To get a precise measurement of technical debt we need to combine together measurements around specific issues and antipatterns as well as meaurements of decreases in productivity/velocity as a result of tech debt in our codebase. Unfortunately, these measuremetns are incredibly difficult to get, and it's to be expected that teams struggle to accurately measure how much tech debt they face. But, the level to which teams don't measure their technical debt is still surprising. Fewer than 20% of all developers surveyed work on teams that do anything to measure their technical debt.
But, teams actually feel that tech debt is slowing them down and they try to take this into account in their estimations. Because we struggle to measure tech debt, these measurements are often based intuition than on data. Almost 80% of teams reported that they take the part of their project they will be working on into account when they estimate project timelines. The delays we encounter when working in different parts of a codebase (eg due to complexity, brittleness, existing bugs, etc) are all forms of tech debt. This suggests that even when teams have a limited measurement of the amount of tech debt they're facing, they still are accounting for it in their day to day planning.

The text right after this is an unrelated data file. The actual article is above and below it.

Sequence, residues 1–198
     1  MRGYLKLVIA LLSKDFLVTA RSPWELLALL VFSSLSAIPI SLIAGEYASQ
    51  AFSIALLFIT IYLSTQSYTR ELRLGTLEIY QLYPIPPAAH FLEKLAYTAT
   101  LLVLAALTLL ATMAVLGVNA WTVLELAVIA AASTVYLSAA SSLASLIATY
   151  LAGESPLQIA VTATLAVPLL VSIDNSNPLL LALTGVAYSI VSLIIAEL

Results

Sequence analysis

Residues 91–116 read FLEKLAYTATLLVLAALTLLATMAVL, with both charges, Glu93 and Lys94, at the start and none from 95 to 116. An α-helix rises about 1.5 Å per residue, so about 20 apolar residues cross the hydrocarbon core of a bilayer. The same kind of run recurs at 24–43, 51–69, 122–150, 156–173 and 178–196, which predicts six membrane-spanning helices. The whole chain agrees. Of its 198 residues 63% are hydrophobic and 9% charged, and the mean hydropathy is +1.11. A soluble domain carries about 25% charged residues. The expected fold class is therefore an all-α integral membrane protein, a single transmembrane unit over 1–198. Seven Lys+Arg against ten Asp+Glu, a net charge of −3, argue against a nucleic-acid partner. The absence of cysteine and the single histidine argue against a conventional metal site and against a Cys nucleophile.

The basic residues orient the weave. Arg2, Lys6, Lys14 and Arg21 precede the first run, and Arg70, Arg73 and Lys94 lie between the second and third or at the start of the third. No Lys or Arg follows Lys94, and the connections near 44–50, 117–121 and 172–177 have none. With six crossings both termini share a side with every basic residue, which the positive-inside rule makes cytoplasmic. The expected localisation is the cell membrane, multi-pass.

Having broad test coverage is important for reducing the risk of bugs making it to production, but that's not the only benefit of having tests. 47% of respondants who had medium or high levels of technical debt said that their code had 'No Tests' or 'Only a Few Tests'. On the flip side, only 23.5% of teams with low technical debt said the same.
Having more sufficient tests allows teams to more confidently make large scale changes to their codebase and undertake more significant refactorings, key to reducing tech debt. The process of going through creating these tests also requires teams to show that they fully understand what each piece of their project is doing, reducing some of the complexity and confusion that often contributes to high tech debt. But, there is a bit of a causal question here. Are teams with better tests better able to improve their code and reduce their technical debt? Or are teams who have processes in place to manage and reduce their tech debt more likely to have similar processes in place to ensure their codebase is widely tested? There's no obvious answer, but either way, going through the process of making sure your code is well tested is a good choice and might help manage your technical debt.
Confusing, unclear, and inconsistent names are often cited as one the biggest causes of technical debt. But, it's only one of several key types of tech debt that heavily impacts teams in our survey. Inconsistent naming and terminology ranked as the biggest driver of technical debt for teams with medium or high technical debt, but poor architecture, unclear code side effects, and inconsistent code styling had almost just as high of an impact (all within 10%). Dead code on the other hand, had a much more limited impact on teams' technical debt.
Nearly every engineering team out there is running into technical debt in one way or another - even if we struggle to measure it's impact. Keep an eye out for the next part of our series on tech debts impact on engineering teams.
Are you looking to reduce your tech debt or prevent it from building up in the first place? Learn how Sourcery can help your team improve all your Python code and ensure it's following your team's best practices.